Is it Time to Say Goodbye to ‘World Book Day’? | stealingbiscuitsiswrong?

Is it Time to Say Goodbye to ‘World Book Day’? | stealingbiscuitsiswrong?

I was the Head of an English Department for 6 glorious years and I’m proud to say that throughout that time I never once asked staff to dress up for ‘World Book Day’.

I never once asked staff to teach zany lessons where students made puppets of their favourite literary characters and I never once asked staff to use valuable lesson time so students could create a book-based board-game.

I dislike World Book Day because for me it has become a gimmick, a way of dumbing down the most precious of things, reading. It’s become a day where David Walliams and the singer from McFly are celebrated as…

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Because Sir Doesn’t Care | stealingbiscuitsiswrong?

Because Sir Doesn’t Care | stealingbiscuitsiswrong?

After an incredibly stressful Year 11 lesson in which several members of that group had to be removed for defiant behaviour. This was the comment that greeted me the next day when a member of the class asked one student why they hadn’t been in the lesson the day before.

The comment was designed to wound and I was acutely aware of that and yet when the student said it, it still hurt. I was horrified that a student might think that I didn’t care about them. I asked myself that night, if in enforcing the school’s behaviour pathway and attempting to ensure that the classroom environment was…

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Because Sir Doesn’t Care | stealingbiscuitsiswrong?

Because Sir Doesn’t Care | stealingbiscuitsiswrong?

After an incredibly stressful Year 11 lesson in which several members of that group had to be removed for defiant behaviour. This was the comment that greeted me the next day when a member of the class asked one student why they hadn’t been in the lesson the day before.

The comment was designed to wound and I was acutely aware of that and yet when the student said it, it still hurt. I was horrified that a student might think that I didn’t care about them. I asked myself that night, if in enforcing the school’s behaviour pathway and attempting to ensure that the classroom environment was…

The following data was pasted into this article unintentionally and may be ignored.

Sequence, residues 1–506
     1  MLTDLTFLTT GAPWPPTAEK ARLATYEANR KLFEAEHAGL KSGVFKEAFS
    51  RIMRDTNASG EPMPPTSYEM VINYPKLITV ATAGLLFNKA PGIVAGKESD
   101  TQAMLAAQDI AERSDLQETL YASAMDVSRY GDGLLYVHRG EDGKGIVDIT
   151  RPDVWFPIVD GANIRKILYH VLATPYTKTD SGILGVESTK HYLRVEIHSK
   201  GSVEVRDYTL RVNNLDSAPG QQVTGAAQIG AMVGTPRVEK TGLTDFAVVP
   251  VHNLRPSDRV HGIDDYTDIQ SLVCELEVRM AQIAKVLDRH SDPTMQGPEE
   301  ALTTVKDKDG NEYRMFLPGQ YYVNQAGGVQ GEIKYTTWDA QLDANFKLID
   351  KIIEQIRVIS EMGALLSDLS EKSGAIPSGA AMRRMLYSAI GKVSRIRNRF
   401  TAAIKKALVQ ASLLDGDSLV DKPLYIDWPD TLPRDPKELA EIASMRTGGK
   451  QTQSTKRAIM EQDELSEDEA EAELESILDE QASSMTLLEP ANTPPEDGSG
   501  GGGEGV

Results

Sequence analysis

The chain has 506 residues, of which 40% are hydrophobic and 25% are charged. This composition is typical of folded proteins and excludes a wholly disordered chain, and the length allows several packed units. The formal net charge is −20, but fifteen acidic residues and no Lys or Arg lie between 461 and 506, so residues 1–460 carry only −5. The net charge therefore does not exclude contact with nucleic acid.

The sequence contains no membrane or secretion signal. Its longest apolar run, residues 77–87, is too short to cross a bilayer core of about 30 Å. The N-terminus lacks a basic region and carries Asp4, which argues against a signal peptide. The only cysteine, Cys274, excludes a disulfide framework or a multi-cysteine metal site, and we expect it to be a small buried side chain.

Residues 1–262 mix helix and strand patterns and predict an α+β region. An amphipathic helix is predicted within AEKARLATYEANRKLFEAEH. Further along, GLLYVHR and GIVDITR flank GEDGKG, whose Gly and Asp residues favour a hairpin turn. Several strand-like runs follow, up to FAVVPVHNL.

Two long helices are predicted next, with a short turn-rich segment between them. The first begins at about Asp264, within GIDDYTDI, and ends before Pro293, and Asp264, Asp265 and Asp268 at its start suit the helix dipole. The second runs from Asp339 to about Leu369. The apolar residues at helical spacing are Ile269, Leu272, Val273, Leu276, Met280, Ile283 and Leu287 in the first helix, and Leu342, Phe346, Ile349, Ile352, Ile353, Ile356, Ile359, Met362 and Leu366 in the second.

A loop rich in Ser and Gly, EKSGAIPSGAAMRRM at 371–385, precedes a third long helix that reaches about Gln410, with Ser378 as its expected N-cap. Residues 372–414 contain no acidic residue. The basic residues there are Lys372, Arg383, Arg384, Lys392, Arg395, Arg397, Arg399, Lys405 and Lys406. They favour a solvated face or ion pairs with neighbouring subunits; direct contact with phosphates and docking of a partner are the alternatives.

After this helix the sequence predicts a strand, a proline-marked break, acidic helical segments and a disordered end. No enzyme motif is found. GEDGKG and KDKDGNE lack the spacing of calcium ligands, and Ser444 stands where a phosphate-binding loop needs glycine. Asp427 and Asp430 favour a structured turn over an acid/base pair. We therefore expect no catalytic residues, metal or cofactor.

Continue reading at:
https://ift.tt/2Euty49

Post-GCSE-Results-Day-Blues | stealingbiscuitsiswrong

Post-GCSE-Results-Day-Blues | stealingbiscuitsiswrong

GCSE Results day is always a time of epic highs and crushing lows. As teachers, we always tell ourselves that the onus should be on the students and that we shouldn’t feel accountable for their results. But inevitably, when that Thursday in August comes, we always look at our classes results and no matter how pleased we are, no matter how many little success stories we have, no matter how many times we tell ourselves we are not responsible, when we see our classes’ results, we always think, I could have done more.

This results day has been a similar tale. I was delighted that the quiet girl…

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Post-GCSE-Results-Day-Blues | stealingbiscuitsiswrong

Post-GCSE-Results-Day-Blues | stealingbiscuitsiswrong

GCSE Results day is always a time of epic highs and crushing lows. As teachers, we always tell ourselves that the onus should be on the students and that we shouldn’t feel accountable for their results. But inevitably, when the last Thursday in August comes, we always look at our classes results and no matter how pleased we are, no matter how many little success stories we have, no matter how many times we tell ourselves we are not responsible, when we see our class results, we always think, I could have done more.

This results day has been a similar tale. I was delighted that the quiet…

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https://ift.tt/2PERl52

Low Expectations about Great Expectations: why do we deny the working classes the very best literature? | stealingbiscuitsiswrong

Low Expectations about Great Expectations: why do we deny the working classes the very best literature? | stealingbiscuitsiswrong

 

Recently, I have been involved in several discussions about which books we should study on a secondary English curriculum. On several occasions I have been told that texts like ‘Holes’ or ‘Diary of a Wimpy Kid’ have the same educational merit and worth as texts like ‘Oliver Twist’ or ‘Fahrenheit 451’. This is simply not true, and it is disadvantaged students who pay the heaviest price for this misconception. Would we find texts like ‘Holes’ or ‘Skellig’ being studied in the top attaining schools in the country, like Harrow or Eton? I think not. So why do we deem them suitable texts for…

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Low Expectations about Great Expectations: why do we deny the working classes the very best literature? | stealingbiscuitsiswrong

Low Expectations about Great Expectations: why do we deny the working classes the very best literature? | stealingbiscuitsiswrong

 

Recently, I have been involved in several discussions about which books we should study on a secondary English curriculum. On several occasions I have been told that texts like ‘Holes’ or ‘Diary of a Wimpy Kid’ have the same educational merit and worth as texts like ‘Oliver Twist’ or ‘Fahrenheit 451’. This is simply not true, and it is disadvantaged students who pay the heaviest price for this misconception. Would we find texts like ‘Holes’ or ‘Skellig’ being studied in the top attaining schools in the country, like Harrow or Eton? I think not. So why do we deem them suitable texts for…

Continue reading at:
https://ift.tt/2HzauUL